The economic contribution of the North Dakota University System and its students on the state is on the rise. It now stands at an estimated $5.7 billion for Fiscal Year 2015, compared to $4.8 billion in FY 2013, according to the most recent NDUS Economic Impact report.
The study evaluated in-state spending patterns for the NDUS colleges and enrolled students. Students and the NDUS had combined in-state expenditures of $2 billion in 2015. The $2 billion of in-state spending was estimated to generate $3.7 billion of additional economic activity. On a statewide level, the impact of NDUS resulted in $1.7 billion of retail trade activity and $1.9 billion in economy-wide personal income, generating $77 million in sales and use tax and $29 million in personal income tax revenues.
“These findings confirm the strategic connection between a strong university system and a strong economy,” said Kathleen Neset, chair of the State Board of Higher Education. “By investing in our students, the North Dakota taxpayers are also investing in our economy – boosting business activity, expanding research opportunities, and supporting job growth.”
NDUS receives funding through general fund appropriations, as well as other revenue sources like grants, contracts and donations. In 2015, non-general fund expenditures made up 66 percent of total spending. The NDUS spent an additional $1.95 in North Dakota for every $1 of general fund appropriations. The ability to leverage general fund revenues to secure funding from grants, contracts, and donations accounted for two-thirds of the economic activity generated by the NDUS.
According to the report, the NDUS directly employed 11,592 individuals in 2015, excluding student workers. With non-general funds supporting 60 percent all salaries in the NDUS, much of the direct jobs in the NDUS could be considered gains from leveraging general fund appropriations. The employment impacts of the NDUS grow if secondary employment is included, which was estimated at about one secondary job in the state’s economy for every one direct job in the NDUS.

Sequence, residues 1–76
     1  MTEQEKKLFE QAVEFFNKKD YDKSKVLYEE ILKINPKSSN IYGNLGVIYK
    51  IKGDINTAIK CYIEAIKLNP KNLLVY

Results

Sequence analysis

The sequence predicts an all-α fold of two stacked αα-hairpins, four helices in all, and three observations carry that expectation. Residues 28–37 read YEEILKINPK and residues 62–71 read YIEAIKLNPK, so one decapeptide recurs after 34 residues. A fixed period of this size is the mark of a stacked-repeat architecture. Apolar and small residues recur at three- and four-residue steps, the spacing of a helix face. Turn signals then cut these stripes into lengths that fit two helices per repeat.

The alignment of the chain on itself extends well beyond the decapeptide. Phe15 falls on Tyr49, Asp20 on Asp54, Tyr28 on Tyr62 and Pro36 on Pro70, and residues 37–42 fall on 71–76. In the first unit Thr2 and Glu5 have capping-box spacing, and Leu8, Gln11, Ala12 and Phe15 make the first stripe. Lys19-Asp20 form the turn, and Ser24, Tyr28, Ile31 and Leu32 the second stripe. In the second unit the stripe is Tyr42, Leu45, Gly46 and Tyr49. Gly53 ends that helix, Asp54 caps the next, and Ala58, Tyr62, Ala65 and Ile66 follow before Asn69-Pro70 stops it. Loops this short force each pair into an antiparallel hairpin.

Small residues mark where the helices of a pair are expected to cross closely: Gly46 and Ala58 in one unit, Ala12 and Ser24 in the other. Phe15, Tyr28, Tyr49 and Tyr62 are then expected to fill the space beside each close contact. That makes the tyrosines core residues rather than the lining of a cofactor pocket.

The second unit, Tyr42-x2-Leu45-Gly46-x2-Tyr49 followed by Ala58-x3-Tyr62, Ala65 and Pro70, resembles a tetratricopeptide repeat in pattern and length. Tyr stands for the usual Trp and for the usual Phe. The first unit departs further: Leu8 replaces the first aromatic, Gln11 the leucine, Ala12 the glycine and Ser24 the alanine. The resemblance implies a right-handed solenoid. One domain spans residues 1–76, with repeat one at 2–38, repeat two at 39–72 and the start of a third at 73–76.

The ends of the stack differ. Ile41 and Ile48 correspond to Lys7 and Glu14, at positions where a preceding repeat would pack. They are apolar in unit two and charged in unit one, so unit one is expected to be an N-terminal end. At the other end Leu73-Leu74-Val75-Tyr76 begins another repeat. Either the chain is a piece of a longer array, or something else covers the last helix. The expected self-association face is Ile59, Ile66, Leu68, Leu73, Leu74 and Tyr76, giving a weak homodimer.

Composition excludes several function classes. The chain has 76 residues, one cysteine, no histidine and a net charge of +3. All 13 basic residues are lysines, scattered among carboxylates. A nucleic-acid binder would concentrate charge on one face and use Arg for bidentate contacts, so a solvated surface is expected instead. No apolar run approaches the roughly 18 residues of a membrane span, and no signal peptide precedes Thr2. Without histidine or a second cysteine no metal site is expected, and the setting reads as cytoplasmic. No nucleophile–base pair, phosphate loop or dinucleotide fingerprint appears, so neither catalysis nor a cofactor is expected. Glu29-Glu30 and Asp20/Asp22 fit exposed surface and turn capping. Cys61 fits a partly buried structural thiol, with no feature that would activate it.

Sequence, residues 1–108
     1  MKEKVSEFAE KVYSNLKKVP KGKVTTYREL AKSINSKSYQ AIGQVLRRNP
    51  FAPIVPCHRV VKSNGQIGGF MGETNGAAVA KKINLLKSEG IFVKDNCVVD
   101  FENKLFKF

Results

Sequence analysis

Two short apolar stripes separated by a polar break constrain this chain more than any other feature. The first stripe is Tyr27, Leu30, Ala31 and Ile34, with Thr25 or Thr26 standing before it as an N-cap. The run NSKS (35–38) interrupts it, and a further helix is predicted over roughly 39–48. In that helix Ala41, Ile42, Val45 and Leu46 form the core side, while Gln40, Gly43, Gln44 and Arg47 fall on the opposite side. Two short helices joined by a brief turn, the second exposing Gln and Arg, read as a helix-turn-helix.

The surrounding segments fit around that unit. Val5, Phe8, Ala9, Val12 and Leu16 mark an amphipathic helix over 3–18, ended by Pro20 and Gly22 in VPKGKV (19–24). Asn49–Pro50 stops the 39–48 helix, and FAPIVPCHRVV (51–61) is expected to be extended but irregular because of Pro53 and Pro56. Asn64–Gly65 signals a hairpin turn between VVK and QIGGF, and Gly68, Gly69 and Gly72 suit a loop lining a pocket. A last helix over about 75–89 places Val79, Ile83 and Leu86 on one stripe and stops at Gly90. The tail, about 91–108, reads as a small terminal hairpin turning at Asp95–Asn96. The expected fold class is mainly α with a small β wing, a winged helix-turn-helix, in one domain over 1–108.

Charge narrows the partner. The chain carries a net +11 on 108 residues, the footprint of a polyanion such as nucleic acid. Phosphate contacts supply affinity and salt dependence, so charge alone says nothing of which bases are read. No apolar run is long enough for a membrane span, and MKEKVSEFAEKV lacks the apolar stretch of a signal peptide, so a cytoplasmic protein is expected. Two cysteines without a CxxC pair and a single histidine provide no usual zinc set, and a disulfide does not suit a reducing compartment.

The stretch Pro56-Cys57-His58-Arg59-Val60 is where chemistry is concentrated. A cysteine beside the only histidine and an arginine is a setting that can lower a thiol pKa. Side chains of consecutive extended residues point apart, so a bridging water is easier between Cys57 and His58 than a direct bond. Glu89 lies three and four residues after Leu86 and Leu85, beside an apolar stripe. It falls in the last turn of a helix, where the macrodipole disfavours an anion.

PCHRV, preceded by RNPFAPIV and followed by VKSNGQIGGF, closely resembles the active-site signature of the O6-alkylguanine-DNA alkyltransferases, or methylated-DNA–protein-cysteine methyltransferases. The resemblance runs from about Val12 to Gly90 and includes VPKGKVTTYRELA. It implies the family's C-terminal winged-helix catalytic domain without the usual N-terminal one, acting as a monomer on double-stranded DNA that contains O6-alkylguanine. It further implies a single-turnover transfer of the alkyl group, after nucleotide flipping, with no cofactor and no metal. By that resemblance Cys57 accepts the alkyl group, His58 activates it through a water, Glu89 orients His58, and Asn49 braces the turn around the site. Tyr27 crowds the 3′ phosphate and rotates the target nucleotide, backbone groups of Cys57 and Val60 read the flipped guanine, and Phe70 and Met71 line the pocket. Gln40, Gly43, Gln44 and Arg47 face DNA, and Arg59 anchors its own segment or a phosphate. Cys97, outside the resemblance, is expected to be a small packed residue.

“Business in North Dakota continues to grow in many areas, to include the technology area and we need to be able to answer the needs in our workplace as they continue to evolve,” said Chancellor Mark Hagerott of the North Dakota University System. “It is crucial that we seize this opportunity to adapt our system and educate our future workforce that will fill our employer’s needs. The success of our students will depend on skilled faculty and staff, and the programs to support their work even after graduation.”
In June, the State Board of Higher Education will meet to look at any changes to its 2015-2020 strategic plan – The NDUS Edge. “The plan outlines the path to fulfilling workforce needs and giving our students what they need to compete in the ever-changing business community,” said Neset. “Through partnerships with business and industry and government leaders, as well as increasing efficiencies throughout the system, we are able to be good stewards of our funds.”
Key measures of the NDUS economic impact in FY 2015 include:
• Direct economic impacts (expenditures) of $1.6 billion, of which $1.1 billion were expenditures from non-general fund sources. This direct impact created a gross business volume of $4.6 billion, which included $1.2 billion in retail trade activity and $1.7 billion in economy-wide personal income.
• Student living expenses were estimated at $427 million and were in addition to institution spending. Increased business activity generated by student spending was estimated at $1.1 billion, which included $480 million in retail trade activity and $258 million of economy-wide personal income and would support about 1,800 secondary jobs.
The FY 2015 report was conducted by North Dakota State University’s Department of Agribusiness and Applied Economics and is similar to other studies done in 1999, 2004, 2006, 2008, 2009, 2011, and 2013. Report authors Randall C. Coon, Dean A. Bangsund and Nancy M. Hodur used the North Dakota Input-Output Model to estimate economic impacts.